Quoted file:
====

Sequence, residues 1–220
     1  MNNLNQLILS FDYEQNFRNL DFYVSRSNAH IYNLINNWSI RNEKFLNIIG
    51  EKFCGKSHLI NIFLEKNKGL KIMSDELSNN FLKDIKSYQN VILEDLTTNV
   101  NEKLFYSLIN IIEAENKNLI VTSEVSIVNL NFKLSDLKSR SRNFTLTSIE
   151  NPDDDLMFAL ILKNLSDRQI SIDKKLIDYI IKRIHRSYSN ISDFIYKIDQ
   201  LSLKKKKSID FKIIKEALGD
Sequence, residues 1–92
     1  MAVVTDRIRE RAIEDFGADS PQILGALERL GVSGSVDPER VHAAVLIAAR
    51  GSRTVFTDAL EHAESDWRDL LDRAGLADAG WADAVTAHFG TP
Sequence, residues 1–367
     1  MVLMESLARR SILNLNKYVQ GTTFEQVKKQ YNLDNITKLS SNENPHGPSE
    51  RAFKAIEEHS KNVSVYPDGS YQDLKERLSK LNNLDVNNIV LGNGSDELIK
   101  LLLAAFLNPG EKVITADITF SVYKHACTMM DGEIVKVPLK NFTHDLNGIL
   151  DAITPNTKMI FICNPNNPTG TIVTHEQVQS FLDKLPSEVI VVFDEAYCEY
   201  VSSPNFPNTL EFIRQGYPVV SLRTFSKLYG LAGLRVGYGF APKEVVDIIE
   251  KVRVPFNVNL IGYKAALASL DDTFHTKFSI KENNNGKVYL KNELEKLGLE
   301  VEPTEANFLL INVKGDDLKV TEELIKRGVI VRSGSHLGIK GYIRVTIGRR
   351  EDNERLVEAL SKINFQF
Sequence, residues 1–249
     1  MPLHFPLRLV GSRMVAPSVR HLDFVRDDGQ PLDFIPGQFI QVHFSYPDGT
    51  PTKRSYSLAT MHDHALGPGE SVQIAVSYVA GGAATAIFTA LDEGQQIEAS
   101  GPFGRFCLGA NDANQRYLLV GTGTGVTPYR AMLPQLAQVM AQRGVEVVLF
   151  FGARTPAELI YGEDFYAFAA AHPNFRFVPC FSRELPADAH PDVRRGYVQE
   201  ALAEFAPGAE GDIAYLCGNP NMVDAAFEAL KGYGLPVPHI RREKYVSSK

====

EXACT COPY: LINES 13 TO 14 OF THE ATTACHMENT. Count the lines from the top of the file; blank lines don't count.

   101  LLLAAFLNPG EKVITADITF SVYKHACTMM DGEIVKVPLK NFTHDLNGIL
   151  DAITPNTKMI FICNPNNPTG TIVTHEQVQS FLDKLPSEVI VVFDEAYCEY